Treatment Foster Care: What is it?

For many, the phrase “treatment foster care” can easily sound intimidating. Treatment may sound like something only a trained therapist is equipped to do. In this article we’ll demystify treatment foster care and give you a glimpse of what treatment foster care looks like in reality.

Child looking into camera parent looking on

The basics

Family Works is a treatment foster care agency. We license and support foster parents throughout Wisconsin who provide treatment-level support for children. These foster parents are trained, equipped and supported to care for children in individualized and specialized ways.

Simply put, treatment foster care is providing a home environment and network of support that allows a child to experience healing and growth.

The children coming to our agency have unique and more urgent needs than their peers. Children may be placed in a treatment foster home for any of the following reasons:

  • The county has exhausted their foster home resources
  • A group of siblings looking to be placed together
  • A child requires unique support due to mental health or physical needs

We are able to get an understanding of these needs before a child comes to your home because we have a thorough referral and matching process. Every foster family has at least one pre-placement visit before a child comes to your home. This allows everyone involved to determine if it will be possible to support the child in your home.

There’s always a plan

After a child is placed in your home, a Family Works social worker will create a treatment plan in collaboration with the child’s support network. This is primarily the foster parents, but includes the biological family, county social worker and other treatment providers. This plan lays out action steps and goals for the team to work towards to support the growth of the child.

The key to success in treatment foster care are adults who genuinely care, finding the right services, creating stable routines and sticking around for a child through the days, months and years it takes to see change occur.

Do you have what it takes to be a treatment foster parent?

You may have already taken on roles that are similar to being a treatment foster parent if you have:

  • Parented a child and created family routines to help the child succeed
  • Worked on a personal goal and stuck with it until it was accomplished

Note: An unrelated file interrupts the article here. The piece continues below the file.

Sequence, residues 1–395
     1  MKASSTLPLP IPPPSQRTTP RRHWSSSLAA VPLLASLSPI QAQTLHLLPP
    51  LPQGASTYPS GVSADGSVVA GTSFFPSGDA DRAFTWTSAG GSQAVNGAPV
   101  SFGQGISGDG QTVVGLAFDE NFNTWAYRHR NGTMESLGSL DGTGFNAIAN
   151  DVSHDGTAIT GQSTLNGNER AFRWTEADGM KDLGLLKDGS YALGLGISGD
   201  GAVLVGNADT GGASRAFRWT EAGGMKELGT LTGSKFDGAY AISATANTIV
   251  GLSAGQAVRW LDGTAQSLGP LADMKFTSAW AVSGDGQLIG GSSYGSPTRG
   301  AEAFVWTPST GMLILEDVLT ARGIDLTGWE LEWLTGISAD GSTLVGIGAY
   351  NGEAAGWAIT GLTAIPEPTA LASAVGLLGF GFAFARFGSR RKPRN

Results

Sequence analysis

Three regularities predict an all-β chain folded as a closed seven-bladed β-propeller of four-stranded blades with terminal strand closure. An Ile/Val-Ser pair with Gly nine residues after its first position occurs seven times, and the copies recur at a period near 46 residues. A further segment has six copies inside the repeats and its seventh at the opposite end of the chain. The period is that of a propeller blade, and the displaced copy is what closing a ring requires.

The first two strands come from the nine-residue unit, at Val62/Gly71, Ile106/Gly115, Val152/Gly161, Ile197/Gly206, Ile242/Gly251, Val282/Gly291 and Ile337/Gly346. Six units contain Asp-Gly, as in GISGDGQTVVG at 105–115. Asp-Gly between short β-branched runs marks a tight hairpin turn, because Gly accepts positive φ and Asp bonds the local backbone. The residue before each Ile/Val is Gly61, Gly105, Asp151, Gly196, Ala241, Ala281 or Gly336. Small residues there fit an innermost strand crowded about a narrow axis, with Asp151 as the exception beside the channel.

• Persevered in relationships with family and friends that highs and lows

These all demonstrate the personal qualities that are needed to be a foster parent. If you’ve got a willingness to go above and beyond to create a supportive home for kids, treatment foster care could be the right fit for you.

Treatment foster parents balance a schedule for children that often includes school, therapy, medical appointments, family visits and extracurricular activities. They receive support from Family Works staff through weekly check-ins to problem solve through challenges that arise.

Treatment foster parents have a willingness to keep finding new ways to support kids and to show up for children time and time again.

Becoming Licensed as a Treatment Level Foster Parent

In Wisconsin, we have different levels that foster parents can be licensed at. These levels go from 1-5 and indicate the level of experience and knowledge a foster parent has to meet a child’s needs. Treatment level parents are licensed as a level 3 or 4. (Read more about how foster parent and child levels are determined at

To be a treatment foster parent, a person must meet 3 of the following criteria:

  1. A minimum of one year of experience as a foster parent or kinship care provider with a child placed in his or her home for at least one year.
  2. A minimum 5 years of experience working with or parenting children.
  3. A minimum of 500 hours of experience as a respite care provider for children under the supervision of a human services agency.
  4. A high school diploma or the equivalent.
  5. A college, vocational, technical, or advanced degree in the area of a child’s treatment needs, such as nursing, medicine, social work, or psychology.
  6. A substantial relationship with the child to be placed through previous professional or personal experience.
  7. Work or personal experience for which the applicant has demonstrated the knowledge, skill, ability, and motivation to meet the needs of a child with a level of need of 3.

If you don’t meet at least 3 of the criteria on the list above, don’t let that stop you from reaching out to our licensing staff. There are many ways to gain the experience needed to become a foster parent. Our licensing specialists would be happy to talk to you more about these steps.

To speak with one of our specialists, visit our Contact Us, and reach out. We’ll get back to you shortly. We’re always eager to add more caring adults to the team of treatment foster parents serving our kids in Wisconsin.

Apply to be a Foster Parent